BA: Ben was one of the Old Timers here in Minneapolis. He had three sons. He was a widower. He really is a guy who just is at his happiest when he is around people, loves to cook, and he would probably give the last shirt on his back for somebody in need. Every now and then, he would come home with some people that he had met downtown, some Filipino that he had met downtown. He would feed them and that kind of thing. He was a very, very generous person. I think that‘s what attracted me to him—it may have been his cooking. [laughter] LM: Did you get married here in Minneapolis? BA: We got married in Deephaven [Minnesota] on June 15, 1957, at the Church of Saint Therese, which is, now, really a big church, but it was a basement church at the time. That is where we got married. LM: When you left the Philippines for the United States, did you have plans of returning to the Philippines? BA: I did. I did. LM: And what happened? [laughter] BA: What happened? Well, you know how it is. You start a family and that‘s it. Then, my sisters and brothers were interested in coming over, too. I had to wait. I was an immigrant. I had to get my immigrant status, and, then, I became a citizen in three years. Then, I started to also petitioning my brothers and sisters. LM: Was there a Filipino settlement when you arrived here in Minnesota? BA: No, there wasn‘t. There was no settlement; however, the Old Timers, as we call them now—those were the old immigrants—the biggest group, lived in Northeast Minneapolis. LM: I see. BA: But there was no settlement. LM: Do you remember approximately how many Filipinos were here? BA: Oh, probably at that time it must have been about eighty. LM : Eighty !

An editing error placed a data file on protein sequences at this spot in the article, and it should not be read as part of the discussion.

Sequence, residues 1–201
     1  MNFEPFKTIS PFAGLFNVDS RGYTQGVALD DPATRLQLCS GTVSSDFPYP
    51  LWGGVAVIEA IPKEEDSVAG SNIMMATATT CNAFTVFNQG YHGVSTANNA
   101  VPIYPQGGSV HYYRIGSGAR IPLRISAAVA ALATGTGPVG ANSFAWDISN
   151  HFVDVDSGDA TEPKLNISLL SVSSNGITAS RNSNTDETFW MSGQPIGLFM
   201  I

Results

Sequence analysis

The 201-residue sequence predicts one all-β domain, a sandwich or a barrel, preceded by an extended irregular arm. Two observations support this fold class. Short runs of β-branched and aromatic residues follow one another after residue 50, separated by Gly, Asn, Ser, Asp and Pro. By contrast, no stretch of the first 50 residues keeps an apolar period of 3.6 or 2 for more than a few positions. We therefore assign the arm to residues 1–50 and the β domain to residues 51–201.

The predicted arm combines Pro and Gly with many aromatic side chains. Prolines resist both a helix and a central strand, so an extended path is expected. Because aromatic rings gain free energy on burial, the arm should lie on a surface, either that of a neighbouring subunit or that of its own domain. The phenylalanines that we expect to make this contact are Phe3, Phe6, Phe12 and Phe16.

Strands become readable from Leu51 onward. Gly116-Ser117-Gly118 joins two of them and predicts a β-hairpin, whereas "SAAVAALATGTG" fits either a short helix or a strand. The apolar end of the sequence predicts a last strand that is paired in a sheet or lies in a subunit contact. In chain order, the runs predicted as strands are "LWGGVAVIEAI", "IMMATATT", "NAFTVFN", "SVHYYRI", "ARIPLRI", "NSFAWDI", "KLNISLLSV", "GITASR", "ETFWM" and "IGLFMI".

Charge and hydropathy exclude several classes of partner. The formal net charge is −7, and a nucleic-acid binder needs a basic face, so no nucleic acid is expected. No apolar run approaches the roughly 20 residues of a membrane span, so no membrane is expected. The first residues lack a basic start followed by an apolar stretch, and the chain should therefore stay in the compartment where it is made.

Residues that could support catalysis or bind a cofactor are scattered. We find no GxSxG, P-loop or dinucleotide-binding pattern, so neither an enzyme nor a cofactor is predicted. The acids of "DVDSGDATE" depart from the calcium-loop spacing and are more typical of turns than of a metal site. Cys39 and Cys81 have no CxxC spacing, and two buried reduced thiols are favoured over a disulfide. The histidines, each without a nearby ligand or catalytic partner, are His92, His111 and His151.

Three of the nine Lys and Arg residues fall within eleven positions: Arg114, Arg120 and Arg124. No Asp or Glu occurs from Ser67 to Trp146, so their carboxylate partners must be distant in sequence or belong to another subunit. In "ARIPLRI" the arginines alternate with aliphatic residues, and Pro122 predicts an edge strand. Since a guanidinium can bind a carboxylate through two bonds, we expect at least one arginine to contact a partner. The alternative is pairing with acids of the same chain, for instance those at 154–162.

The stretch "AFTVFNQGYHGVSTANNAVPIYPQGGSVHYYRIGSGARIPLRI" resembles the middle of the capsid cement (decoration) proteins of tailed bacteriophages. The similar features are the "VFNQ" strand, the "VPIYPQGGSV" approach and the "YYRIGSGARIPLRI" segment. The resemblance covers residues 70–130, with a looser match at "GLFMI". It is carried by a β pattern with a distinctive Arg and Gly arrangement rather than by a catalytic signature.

BA: Yes. When I did my interview, for a document I was writing on Filipinos here, I was able to interview seventy-three—only two women. LM: There were only two women. BA: Yes. Two married women. LM: Do you remember who they were? BA: Yes. Clara Balbuena and Petra Custodio. LM: Were they the first Filipino women in Minnesota? BA: No. The first Filipino woman here was Basilisa Garcia Epperly. She was a Filipino married to Mr. Samuel J. Epperly, who was a teacher in the Philippines. LM: That‘s the explanation for the Epperly. BA: Yes. I don‘t remember how many kids she had. I think maybe about five. Most of them stayed in Minnesota, and Bessie was the only one who was involved with the Filipino community, because she happened to marry a Filipino. LM: Would you know if any of the Epperlys are still around? BA: I think there are two brothers still around. They don‘t live in Minneapolis but they live outside. That house [at Fourth Street Southeast in Minneapolis] of the Epperlys was where all the Filipinos congregated during holidays. LM: That‘s interesting. BA: She would cook Filipino food and students at the University of Minnesota also congregated there. LM: Especially Filipino students who did not have any homes to go to? BA: Yes. Right. These students did not have families here. LM: Didn‘t you use to do that, too? You invited and fed the students? BA: Ben did that. LM: Tell me about that.